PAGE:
Archaeologists in England have unearthed medieval bling — an elaborate silver cross with human faces and a necklace made of gold with semiprecious gems and Roman coin pendants — in the grave of what might be an early female Christian leader, such as an abbess or potentially even royalty.
The team made the discovery during the groundbreaking for a housing development in Northamptonshire, England. Dating to A.D. 630 to A.D. 670, the items appear to be part of a medieval burial for an elite woman.
The necklace has been cleaned up and reconstructed by Museum of London Archaeology (MOLA) conservators. Thirty different pendants and beads give the jewelry an astonishingly modern look, and its centerpiece is a cross made out of garnets inset in gold. The large, rectangular pendant, however, seems to have been originally part of a hinged clasp and then reused, according to MOLA specialists.
The finds have been called the "Harpole Treasure" after the parish in which they were found, and the burial is significant for being a medieval high-status female grave. "We didn't quite realize how special this was going to be," MOLA site supervisor Levente-Bence Balázs said in a statement. Nothing approaching the ornateness of the Harpole necklace has ever been found in early medieval England, the MOLA team said.
In addition to the necklace, the burial contained two decorated pots, a shallow copper dish and a cross adorned with human faces made of silver. Because of the presence of two impressive crosses, MOLA researchers speculated that the woman who owned them may have played a role in the early Christian church.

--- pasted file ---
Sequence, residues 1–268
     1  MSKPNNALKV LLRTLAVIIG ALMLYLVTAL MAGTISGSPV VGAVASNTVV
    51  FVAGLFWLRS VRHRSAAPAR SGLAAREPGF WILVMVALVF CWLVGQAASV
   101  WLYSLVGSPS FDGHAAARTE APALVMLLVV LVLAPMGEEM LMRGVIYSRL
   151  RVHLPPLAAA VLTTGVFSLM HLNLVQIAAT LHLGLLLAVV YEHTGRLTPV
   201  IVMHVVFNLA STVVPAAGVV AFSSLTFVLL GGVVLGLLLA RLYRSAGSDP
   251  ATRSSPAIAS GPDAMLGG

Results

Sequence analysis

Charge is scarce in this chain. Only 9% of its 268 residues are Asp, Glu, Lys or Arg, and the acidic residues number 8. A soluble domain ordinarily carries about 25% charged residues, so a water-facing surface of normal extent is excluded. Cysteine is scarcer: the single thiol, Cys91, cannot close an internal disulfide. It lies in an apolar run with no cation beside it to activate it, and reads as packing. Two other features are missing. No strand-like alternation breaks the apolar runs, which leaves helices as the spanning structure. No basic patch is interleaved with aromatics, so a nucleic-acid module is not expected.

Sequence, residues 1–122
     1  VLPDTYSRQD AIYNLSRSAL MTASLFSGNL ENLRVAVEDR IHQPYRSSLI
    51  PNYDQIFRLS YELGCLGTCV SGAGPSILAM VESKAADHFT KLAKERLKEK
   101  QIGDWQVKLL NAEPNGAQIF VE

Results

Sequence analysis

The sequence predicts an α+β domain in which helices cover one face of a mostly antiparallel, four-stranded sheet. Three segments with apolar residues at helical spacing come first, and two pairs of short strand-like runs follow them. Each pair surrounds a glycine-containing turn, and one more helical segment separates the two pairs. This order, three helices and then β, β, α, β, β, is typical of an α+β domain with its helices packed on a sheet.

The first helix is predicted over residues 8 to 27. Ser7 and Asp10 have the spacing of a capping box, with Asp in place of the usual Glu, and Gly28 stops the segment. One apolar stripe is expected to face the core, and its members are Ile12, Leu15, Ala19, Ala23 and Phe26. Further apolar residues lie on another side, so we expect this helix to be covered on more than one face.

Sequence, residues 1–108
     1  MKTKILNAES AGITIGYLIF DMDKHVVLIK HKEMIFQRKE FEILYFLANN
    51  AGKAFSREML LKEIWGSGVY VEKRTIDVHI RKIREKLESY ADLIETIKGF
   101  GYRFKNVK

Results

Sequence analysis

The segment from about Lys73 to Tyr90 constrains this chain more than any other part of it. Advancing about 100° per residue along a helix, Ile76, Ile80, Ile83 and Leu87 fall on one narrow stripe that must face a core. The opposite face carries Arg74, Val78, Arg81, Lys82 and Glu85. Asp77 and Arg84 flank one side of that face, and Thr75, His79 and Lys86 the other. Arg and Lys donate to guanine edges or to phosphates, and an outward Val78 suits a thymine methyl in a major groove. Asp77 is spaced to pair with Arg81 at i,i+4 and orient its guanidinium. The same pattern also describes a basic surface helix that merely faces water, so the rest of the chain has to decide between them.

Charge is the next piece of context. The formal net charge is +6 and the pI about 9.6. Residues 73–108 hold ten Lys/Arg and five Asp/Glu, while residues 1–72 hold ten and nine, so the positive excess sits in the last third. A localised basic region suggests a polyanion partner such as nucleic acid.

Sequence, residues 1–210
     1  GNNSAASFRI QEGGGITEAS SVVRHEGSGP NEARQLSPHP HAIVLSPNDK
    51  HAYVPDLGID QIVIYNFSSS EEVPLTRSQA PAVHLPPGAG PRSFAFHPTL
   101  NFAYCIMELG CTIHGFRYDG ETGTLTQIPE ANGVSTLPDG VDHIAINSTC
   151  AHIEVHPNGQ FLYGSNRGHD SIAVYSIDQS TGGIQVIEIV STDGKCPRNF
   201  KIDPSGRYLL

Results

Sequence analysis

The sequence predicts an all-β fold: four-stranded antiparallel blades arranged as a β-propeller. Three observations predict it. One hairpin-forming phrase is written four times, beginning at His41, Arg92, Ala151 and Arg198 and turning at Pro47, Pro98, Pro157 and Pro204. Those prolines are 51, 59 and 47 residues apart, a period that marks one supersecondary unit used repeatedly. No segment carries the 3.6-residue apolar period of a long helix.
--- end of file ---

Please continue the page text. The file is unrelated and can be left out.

Little else survives of the burial. A few fragments of tooth enamel are all that remain of the woman's skeleton, but planned work by MOLA specialists includes residue analysis that could provide clues about how the decorated pots were used. Another burial was found nearby, but it has not been dated and did not include high-status artifacts. Archaeologists do not expect to find anything else at the site.
The Harpole Treasure is subject to the U.K. Treasure Act, a 1996 law that requires people to report finds of valuable historical objects within two weeks of discovery. Finders are often required to donate the treasure to a museum, but they are usually eligible for a reward under this act. Daniel Oliver, the regional technical director of Vistry West Midlands, a housing development group, said in a statement that he "couldn't be more excited to see how much more has been learned already" about the burial and jewelry.
"This is an exciting find which will shed considerable light on the significance of Northamptonshire in the Saxon period," Liz Mordue, archaeological adviser for West Northamptonshire Council, said in a statement. "It also serves as a reminder of the importance of archaeology in the planning and development process."
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Kristina Killgrove is an archaeologist with specialties in ancient human skeletons and science communication. Her academic research has appeared in numerous scientific journals, while her news stories and essays have been published in venues such as Forbes, Mental Floss and Smithsonian. Kristina earned a doctorate in anthropology from the University of North Carolina at Chapel Hill and also holds bachelor's and master's degrees in classical archaeology.